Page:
Fetch is a game that every dog owner has played at some time in their life. The dog chases the dry rubber ball and returns it back to the thrower, somewhat more slimy than before. Simple. It’s a great game and most dogs happily play it.
But in the Retriever world you can step it up a notch. Because it just so happens that Retrievers were bred to fetch and play the game especially well, hence their breed’s name.
AKC Hunt Tests
Because of their natural retrieving skills on both land and water, the AKC devised a test for Retrievers and their owners, in the mid-1980s, to determine a dog’s ability to retrieve against what’s called the “AKC standard” for Retrievers. The AKC calls it a Hunt Test, a very authentic scenario that mimics an actual waterfowl hunting environment, where birds are downed and dogs are released to fetch them and bring them back to the owner. If you are terribly uncomfortable with birds like ducks being shot and retrieved, maybe this is a good time to recommend the AKC Agility game to you. But if you are good with the whole shot duck thing and you don't mind holding guns, then definitely READ ON.
Interestingly, a large percent of those that enter their Retrievers in AKC Hunt Tests are not hunters. Backyard Retriever owners love the sport and find huge benefits to playing the game. Likewise, AKC registered Retriever breeders, love the AKC Hunt Test too. If they do well enough to pass a Hunt Test they can add this distinction (often in form of a Ribbon or Band) to their dog’s pedigree through the AKC.
The concept of the AKC Hunt Test is for the owner (who is called the handler when testing) and the Retriever to fetch downed birds (usually ducks) on command. The birds may fall in the water, or on land, but the object is for the owner and dog to work as a team to locate and fetch the bird from where it landed. There are beginning levels of the sport for young dogs, to much more advanced levels called Master Hunt Tests, these dogs are steered toward the downed bird by hand and whistle commands and it can take years before a Retriever and handler become proficient enough at a Master Hunt Test to actually pass one (qualify).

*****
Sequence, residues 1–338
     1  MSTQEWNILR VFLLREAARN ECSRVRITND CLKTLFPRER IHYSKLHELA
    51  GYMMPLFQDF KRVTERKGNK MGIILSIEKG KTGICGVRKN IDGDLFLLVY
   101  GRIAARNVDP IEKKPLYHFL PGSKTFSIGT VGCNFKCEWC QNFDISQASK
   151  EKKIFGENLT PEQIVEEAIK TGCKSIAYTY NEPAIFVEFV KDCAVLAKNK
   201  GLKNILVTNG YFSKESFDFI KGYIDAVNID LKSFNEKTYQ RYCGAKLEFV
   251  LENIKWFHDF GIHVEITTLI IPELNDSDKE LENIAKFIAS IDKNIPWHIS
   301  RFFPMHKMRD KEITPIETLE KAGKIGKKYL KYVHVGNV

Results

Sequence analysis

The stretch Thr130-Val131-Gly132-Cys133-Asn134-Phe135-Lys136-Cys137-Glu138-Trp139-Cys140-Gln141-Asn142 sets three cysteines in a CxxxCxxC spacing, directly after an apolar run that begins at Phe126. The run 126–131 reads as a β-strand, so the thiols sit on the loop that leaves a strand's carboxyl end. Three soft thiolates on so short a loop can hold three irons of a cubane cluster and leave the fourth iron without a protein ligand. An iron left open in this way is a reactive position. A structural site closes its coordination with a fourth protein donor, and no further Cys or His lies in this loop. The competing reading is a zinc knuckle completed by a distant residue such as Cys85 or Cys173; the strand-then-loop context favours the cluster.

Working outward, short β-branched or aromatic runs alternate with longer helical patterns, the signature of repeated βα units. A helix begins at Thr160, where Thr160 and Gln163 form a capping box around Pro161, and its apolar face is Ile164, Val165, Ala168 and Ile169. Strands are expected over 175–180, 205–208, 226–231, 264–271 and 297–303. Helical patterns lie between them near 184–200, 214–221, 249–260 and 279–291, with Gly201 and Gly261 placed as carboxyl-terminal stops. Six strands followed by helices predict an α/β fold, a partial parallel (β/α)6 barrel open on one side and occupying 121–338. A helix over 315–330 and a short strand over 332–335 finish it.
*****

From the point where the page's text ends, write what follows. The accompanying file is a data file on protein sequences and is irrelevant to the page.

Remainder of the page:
I won’t go into the details of the AKC Hunt Test, there are way too many rules and regulations to follow, but I am going to address its value in my eyes.
Value of a Hunt Test for Retrievers
For the past 15 years I have been actively involved in AKC Hunt Tests and became a judge about 10 years ago on the encouragement of fellow competitors. What I have come to realize is how vital it is for Retrievers that are of good health to play the game. It is the exact type of mental and physical stimulant that Retrievers want and need to keep their spirits high, their muscles strong and their weight under control.
I noticed immediately that my dogs responded positively to Hunt Tests. They couldn’t wait for the next one and they loved being able to be rewarded for doing something that came so natural to them. Competitors come from all walks of life, there are doctors, lawyers, teachers and artists. AKC Hunt Tests are all inclusive, welcoming anyone with a love for dogs. So besides it being a healthy workout for your Retriever, it is also a great place to meet like minded people that care deeply about animals.
All hunt tests are strictly monitored by the AKC, and all judges must meet certain requirements before they are allowed to judge an event. These requirements for judges extend beyond simply knowing how to set-up a test, judges must understand gun etiquette, and recognize how to showcase a dog’s ability in the field without risking injury to the dog or the handler in the process. Dogs do not complete against each other as I mentioned, they compete against the AKC “standard” for the breed. Here’s an example: If the breed standard for any particular level of Hunt Test suggests that the dog must be able to swim across a body of water with the bird in its mouth and release it upon command to the handler, then that must happen.
If you ever get an opportunity to see an AKC Hunt Test you will be amazed by the intelligence of these dogs. Some dogs are fast as a red Ferrari in the field and others are as cunning as a fox, but what they all have in common is their love of the game of fetch.
To learn more visit the AKC.